So I got one part right albeit the piece still needs stretching over canvas. Kiln 1 is a small piece in my Ruins series. I want to make art that has some relation to my upcoming exhibition at The World of Glass in St Helens. The museum has a dramatic entrance through a really large renovated kiln and St Helens is dotted with the remains of kilns, both glass kilns and brick kilns. The current Pilkington Glass factory in St Helens has some interesting buildings but brick built kilns are a thing of the past … which fits in nicely with my Ruins series.

My hours this week though were not exactly steady. I nearly delayed starting my challenge because I knew I had an overnight trip with my day job this week. But then I thought what the heck … I am never going to get a 20 week period without interuption. I’ll be lucky to get a two week period. The import thing is that I work around interuptions. So here is my week:

  • Day 1 – 2 hours.
  • Day 2 – 40 minutes (I actually got out of bed early to work in the studio before heading off on my trip! This is a first for me).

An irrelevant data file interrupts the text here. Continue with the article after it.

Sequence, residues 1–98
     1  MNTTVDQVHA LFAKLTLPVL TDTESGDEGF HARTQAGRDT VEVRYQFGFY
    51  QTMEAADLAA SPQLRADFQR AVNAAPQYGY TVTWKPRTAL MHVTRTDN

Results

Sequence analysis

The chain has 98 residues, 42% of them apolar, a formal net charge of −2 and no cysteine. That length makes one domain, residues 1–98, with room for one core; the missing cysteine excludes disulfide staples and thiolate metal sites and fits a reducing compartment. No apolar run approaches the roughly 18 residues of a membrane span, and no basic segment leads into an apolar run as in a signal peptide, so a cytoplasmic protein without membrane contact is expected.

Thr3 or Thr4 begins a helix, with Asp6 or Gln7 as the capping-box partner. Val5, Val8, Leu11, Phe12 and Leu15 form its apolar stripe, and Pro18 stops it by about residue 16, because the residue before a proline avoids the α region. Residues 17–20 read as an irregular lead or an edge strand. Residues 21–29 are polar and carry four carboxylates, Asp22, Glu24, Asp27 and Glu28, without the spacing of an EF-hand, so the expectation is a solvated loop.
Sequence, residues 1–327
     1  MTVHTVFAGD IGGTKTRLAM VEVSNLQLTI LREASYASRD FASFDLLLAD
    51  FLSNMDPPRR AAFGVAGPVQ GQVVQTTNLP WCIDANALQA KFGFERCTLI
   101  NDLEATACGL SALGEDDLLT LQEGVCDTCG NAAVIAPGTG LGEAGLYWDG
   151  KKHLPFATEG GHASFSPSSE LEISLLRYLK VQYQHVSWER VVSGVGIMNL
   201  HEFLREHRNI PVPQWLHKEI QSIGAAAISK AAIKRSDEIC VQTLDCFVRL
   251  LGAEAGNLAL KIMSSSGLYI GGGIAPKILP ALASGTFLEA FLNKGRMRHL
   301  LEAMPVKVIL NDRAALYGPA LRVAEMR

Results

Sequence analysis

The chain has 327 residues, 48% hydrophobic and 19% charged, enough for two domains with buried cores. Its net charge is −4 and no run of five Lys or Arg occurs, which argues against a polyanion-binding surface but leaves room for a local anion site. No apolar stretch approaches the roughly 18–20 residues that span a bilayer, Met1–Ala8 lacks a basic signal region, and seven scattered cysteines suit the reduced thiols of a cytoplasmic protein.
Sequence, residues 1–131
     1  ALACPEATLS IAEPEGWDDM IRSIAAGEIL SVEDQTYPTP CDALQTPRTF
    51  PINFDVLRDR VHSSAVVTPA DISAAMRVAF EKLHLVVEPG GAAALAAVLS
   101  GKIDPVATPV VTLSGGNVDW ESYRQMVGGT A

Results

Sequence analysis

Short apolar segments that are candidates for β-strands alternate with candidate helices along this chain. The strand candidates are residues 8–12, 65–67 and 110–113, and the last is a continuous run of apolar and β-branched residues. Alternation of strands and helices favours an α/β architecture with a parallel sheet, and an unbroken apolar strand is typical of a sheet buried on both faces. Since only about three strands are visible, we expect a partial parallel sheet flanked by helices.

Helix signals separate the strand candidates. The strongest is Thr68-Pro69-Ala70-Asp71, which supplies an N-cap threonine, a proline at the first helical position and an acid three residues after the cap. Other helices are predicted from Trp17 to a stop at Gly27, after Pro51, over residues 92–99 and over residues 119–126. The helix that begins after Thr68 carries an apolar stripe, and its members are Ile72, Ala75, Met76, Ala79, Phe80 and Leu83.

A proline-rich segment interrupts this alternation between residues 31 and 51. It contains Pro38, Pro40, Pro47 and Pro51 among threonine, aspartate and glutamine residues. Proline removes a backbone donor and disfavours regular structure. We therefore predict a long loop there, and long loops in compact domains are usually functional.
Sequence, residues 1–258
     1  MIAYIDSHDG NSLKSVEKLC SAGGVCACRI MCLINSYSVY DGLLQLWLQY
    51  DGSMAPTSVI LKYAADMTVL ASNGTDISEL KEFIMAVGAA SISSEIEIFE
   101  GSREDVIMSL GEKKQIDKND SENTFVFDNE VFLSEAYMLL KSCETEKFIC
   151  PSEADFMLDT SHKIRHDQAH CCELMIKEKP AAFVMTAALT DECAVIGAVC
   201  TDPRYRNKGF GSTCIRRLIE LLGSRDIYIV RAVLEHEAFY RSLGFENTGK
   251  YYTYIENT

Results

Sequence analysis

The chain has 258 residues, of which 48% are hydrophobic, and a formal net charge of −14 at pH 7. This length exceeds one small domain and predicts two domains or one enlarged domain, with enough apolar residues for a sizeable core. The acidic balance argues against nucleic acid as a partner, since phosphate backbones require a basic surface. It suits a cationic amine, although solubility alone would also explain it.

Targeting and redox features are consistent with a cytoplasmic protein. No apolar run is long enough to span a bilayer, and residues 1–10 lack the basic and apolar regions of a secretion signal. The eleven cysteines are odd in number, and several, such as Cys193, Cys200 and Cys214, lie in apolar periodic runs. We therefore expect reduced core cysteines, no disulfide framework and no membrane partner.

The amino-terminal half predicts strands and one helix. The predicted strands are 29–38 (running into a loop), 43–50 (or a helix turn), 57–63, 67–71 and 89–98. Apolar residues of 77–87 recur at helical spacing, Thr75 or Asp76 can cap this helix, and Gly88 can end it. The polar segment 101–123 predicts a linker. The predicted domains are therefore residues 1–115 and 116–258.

• Day 3 – 2 hours 20 minutes.
  • Day 4 – 3 hours (keeping busy until the election coverage started)
  • Day 5 – 2 hours

I’ll admit to finding the 2 hours on Friday evening rather hard going as I had about three hours sleep before getting up for work at 6.30am. That coupled with the fact my husband joined me in the studio to carry one talking about the results meant that some of my stitched lines were not quite a uniform as I would like. Still I really like the result and am all fired up for next week!

My 100 (week) days of making (small) art

Small work inspired by the Pilkington Glass factory in St Helens